March in the hills with Chris Horne, Michele Dickson
Coprosma propinqua agg., Mingimingi, mingi, miki,
Origin of the botanical names
‘Coprosma’ is derived from the Greek words ‘kopros’ meaning ‘dung’ and ‘osme’ meaning ‘smell’, as one Coprosma species in particular has an unpleasant smell; ‘propinqua’ comes from the Latin ‘propinquus’ meaning ‘near, close by’, implying close resemblance to another, e.g., C. propinqua resembles C. parviflora. The suffix ‘agg.’ indicates that there a number of subspecies of the plant. C. propinqua is in the same genus as the two species of karamū and taupata described in the last three issues of the Tramper. Note that the Te Reo names are applied to some other species with small narrow leaves. The Coprosma genus is a member of the coffee family, the Rubiaceae.
Distribution and habitat
C. propinqua is endemic to Aotearoa. It grows on Te Ika a Māui / North Island, on Te Waipounamu / South Island and on Rakiura / Stewart Island. Look for it in coastal to lowland rocky and gravelly places, shrubland, forest, swamps and bogs.
Coprosma propinqua is a shrub or small tree to 6 m tall. The trunk is single or branched from the base and is sometimes flattened or prostrate. The bark may be pale or dark grey and be from smooth to fairly rough. The branchlets are divaricating / intertangled. This feature, exhibited by numerous native species, is believed by some scientists to be a response to browsing by moa; others suggest it developed in response to climate change during the Ice Age, sheltering the leaves from gales, drought and frost. In either case the tiny leaves, 7-16 mm x 2-5 mm, got some protection from the form. A moa would be deterred by the tiny leaves and the entanglement of branchlets – the latter would provide some protection for the leaves from harsh weather. The leaves,10–14 mm x 2–3 mm are opposite, or in opposite bunches, on slender hairy petioles / stalks 1-2 mm long. The leaves are leathery, dark green above and paler below.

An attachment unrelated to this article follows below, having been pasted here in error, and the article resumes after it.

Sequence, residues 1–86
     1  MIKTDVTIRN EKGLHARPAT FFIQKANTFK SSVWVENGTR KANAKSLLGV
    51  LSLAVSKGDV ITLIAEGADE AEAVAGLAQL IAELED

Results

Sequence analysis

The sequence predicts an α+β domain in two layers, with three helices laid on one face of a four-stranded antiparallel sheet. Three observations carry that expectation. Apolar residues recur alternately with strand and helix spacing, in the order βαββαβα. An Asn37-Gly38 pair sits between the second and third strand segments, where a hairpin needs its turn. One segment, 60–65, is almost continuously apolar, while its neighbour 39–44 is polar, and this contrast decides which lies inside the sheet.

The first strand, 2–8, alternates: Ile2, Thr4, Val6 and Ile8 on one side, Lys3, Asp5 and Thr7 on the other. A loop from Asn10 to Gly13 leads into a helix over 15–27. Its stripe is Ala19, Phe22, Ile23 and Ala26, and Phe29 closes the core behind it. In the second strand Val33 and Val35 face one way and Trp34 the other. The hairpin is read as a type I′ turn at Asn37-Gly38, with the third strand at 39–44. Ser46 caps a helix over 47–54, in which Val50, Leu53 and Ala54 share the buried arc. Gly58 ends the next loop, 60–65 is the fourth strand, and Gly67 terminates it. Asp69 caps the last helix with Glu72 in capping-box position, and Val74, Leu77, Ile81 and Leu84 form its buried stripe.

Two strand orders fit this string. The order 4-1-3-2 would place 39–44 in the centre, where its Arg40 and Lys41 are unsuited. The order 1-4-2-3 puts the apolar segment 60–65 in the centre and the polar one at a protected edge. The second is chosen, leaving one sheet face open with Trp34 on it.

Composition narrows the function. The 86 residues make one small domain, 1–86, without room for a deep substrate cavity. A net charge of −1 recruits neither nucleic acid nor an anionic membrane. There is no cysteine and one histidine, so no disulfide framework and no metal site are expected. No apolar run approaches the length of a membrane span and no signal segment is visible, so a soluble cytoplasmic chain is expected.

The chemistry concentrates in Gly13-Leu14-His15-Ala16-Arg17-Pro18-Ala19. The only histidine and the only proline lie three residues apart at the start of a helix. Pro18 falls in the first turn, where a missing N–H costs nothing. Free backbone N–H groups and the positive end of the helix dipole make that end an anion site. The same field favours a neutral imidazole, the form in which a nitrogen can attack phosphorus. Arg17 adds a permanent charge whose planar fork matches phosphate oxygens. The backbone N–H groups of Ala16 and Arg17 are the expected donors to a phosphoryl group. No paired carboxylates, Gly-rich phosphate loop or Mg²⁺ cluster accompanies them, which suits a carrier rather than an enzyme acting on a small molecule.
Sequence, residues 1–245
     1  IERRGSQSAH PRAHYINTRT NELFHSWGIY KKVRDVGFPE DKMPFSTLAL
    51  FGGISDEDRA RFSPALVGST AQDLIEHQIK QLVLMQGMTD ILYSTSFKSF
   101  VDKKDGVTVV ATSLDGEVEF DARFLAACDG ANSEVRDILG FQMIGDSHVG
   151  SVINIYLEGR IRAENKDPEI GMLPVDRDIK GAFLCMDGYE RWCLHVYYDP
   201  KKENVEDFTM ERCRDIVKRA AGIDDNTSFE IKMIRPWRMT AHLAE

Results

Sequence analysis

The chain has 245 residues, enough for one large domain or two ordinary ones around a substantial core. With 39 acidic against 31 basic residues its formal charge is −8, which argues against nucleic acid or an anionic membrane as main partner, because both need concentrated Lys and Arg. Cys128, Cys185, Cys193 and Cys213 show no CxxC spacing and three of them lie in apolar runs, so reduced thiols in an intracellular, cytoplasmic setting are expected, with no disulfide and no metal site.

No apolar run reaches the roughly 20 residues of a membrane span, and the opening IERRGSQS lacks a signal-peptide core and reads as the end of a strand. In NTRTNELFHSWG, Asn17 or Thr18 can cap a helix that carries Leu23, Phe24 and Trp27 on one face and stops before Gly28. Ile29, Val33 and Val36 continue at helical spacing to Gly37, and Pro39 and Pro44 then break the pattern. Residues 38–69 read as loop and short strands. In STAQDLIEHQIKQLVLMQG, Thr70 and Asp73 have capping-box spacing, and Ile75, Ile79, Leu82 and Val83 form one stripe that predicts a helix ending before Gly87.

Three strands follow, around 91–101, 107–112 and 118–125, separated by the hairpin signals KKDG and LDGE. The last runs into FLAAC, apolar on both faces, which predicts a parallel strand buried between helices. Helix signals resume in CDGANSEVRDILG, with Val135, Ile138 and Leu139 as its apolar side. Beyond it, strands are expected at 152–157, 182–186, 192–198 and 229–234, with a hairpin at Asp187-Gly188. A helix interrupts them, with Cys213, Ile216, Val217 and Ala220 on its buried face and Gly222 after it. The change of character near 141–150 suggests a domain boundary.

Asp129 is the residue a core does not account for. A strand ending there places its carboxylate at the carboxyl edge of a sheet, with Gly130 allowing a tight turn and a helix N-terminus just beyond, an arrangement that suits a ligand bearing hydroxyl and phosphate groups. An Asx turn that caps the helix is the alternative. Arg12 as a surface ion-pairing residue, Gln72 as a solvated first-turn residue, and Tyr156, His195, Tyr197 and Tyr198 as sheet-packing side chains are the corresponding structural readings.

The flowers develop on the end of short branchlets; the females are single and the males usually in small clusters, growing on separate plants. The fruit, on the female form of the plant, is usually blue, 8-12 mm x 4-5 mm. Birds eat the fruit and disperse the seeds. Sample the tasty fruit once you’ve identified the plant.
The fruits are edible but their small size means that they don’t provide a meal.
This species can hybridise with other coprosmas, e.g., C. robusta. The result has leaves with an intermediate form, also with rough edges.
Where can you find Coprosma propinqua?
Look for this species in reserves in Wellington city and in the Tararua, Remutaka and Aorangi ranges